About 24,000 homeowners across the nation had mold-related insurance claims unresolved as of December 31, the New York Times reports, citing estimates from a Texas-based homeowners advocacy group called Policyholders of America.

Mold has long been known to cause serious damage to some people's pulmonary systems. But over the last five years concern has exploded.

Last year, according to Robert P. Hartwig, the chief economist for the Insurance Information Institute, insurance companies paid out $2.5 billion in mold-related claims.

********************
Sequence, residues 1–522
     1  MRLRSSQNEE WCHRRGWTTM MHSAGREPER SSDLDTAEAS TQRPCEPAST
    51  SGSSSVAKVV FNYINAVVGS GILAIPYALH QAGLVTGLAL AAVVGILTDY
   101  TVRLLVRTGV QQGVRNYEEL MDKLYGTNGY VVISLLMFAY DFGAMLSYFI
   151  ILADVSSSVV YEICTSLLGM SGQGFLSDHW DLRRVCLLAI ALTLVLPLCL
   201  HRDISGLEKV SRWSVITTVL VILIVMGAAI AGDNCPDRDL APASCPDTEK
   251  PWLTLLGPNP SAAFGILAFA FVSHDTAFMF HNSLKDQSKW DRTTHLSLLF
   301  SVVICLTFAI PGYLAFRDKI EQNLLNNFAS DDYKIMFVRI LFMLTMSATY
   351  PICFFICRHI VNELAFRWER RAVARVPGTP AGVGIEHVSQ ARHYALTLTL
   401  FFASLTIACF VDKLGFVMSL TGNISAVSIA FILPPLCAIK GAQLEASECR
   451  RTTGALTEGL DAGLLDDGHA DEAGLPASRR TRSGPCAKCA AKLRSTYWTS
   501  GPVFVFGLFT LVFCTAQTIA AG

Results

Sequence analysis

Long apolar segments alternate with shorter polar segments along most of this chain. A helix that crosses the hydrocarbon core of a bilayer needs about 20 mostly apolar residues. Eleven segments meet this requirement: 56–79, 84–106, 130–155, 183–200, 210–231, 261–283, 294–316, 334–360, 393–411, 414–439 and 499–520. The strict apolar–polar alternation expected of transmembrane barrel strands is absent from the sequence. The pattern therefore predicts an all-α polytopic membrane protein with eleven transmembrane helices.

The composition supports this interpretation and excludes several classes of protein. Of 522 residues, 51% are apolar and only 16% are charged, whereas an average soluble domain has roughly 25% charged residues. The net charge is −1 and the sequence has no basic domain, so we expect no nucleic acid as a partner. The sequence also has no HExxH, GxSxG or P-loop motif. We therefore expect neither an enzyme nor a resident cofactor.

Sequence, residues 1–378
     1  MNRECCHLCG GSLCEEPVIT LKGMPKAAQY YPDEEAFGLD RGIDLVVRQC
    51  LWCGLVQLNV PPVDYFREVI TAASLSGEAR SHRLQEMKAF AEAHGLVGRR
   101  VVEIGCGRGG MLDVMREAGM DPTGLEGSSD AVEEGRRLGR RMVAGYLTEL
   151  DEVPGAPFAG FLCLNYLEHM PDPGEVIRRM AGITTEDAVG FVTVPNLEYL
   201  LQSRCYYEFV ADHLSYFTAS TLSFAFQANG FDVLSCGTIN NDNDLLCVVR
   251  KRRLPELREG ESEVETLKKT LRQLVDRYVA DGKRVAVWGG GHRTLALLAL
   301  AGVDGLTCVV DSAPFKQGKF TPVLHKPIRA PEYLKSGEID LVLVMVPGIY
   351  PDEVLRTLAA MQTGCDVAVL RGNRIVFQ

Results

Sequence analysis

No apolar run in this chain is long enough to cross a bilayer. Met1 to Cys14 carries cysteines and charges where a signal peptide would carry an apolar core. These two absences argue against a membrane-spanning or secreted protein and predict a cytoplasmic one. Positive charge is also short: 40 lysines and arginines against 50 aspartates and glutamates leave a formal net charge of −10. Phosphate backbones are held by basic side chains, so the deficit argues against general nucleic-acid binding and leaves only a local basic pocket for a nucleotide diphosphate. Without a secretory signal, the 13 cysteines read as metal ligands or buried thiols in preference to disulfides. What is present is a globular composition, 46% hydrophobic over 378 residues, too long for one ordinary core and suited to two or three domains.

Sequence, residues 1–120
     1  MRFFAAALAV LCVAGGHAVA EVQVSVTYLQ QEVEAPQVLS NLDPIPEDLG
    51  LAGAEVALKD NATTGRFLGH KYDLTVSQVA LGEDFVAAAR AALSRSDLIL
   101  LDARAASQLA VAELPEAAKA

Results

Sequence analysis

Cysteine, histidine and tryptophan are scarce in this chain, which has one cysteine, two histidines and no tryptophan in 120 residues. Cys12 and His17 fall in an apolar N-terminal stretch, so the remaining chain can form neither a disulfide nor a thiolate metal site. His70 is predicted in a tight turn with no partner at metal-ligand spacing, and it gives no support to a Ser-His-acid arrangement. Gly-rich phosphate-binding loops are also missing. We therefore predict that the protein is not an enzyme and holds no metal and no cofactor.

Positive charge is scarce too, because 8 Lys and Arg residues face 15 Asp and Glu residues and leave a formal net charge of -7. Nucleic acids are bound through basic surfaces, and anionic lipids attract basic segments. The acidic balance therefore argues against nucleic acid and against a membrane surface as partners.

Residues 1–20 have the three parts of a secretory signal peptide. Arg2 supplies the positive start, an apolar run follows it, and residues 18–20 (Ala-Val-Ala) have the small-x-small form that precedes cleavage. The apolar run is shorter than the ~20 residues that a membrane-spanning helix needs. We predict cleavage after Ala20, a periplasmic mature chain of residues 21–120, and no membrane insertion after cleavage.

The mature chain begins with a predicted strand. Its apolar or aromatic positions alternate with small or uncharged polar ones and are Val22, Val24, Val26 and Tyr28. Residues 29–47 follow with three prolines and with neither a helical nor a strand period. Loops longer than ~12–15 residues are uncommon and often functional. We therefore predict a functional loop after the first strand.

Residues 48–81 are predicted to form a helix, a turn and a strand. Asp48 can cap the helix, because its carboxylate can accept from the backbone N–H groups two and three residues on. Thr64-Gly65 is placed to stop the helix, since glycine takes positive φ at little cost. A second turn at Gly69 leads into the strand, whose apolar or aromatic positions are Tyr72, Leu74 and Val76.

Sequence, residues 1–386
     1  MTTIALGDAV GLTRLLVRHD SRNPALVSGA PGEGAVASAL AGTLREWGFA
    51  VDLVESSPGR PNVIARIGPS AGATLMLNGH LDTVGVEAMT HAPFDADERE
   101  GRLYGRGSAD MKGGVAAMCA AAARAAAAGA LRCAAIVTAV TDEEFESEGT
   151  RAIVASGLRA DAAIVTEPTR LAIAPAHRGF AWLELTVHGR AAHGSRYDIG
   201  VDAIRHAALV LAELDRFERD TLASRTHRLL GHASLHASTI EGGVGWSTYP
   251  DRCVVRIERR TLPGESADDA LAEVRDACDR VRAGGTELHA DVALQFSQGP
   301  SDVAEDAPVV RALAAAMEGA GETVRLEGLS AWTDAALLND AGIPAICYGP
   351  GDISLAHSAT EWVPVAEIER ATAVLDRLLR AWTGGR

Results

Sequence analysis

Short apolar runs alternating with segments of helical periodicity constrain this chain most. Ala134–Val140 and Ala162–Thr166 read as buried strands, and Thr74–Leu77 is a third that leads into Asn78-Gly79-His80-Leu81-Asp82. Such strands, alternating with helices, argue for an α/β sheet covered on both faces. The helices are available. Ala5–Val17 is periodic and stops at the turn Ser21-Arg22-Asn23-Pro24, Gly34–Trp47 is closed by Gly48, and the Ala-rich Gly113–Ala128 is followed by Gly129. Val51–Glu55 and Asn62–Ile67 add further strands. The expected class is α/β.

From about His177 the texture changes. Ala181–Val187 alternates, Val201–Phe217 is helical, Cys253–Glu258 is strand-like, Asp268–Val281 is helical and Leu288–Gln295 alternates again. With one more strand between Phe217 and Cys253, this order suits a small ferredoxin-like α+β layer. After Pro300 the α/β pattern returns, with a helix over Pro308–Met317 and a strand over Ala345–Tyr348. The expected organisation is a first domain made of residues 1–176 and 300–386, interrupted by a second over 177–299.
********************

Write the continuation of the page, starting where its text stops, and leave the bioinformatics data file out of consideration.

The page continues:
Industrial hygiene consultants who specialize in mold investigations are having a field day. This year's American Industrial Hygiene Conference and Expo, in Dallas May 10-15, will be loaded with seminars and speakers on the mold hazard.

The insurance industry has rebelled against the hefty payouts. At the industry's urging, 35 states have allowed insurers to exclude mold coverage from homeowner policies.

The potential for claims is vast - according to the American Academy of Allergy, Asthma and Immunology, 35 million Americans suffer from reactions to mold. That's 12 percent of the nation's population. Texas and California are the two hot zones for mold fever.

Trying to put the issue in scientific perspective, the American Industrial Hygiene Association offers a consumer brochure, "The Facts About Mold," that can be accessed from its Web site - www.aiha.org.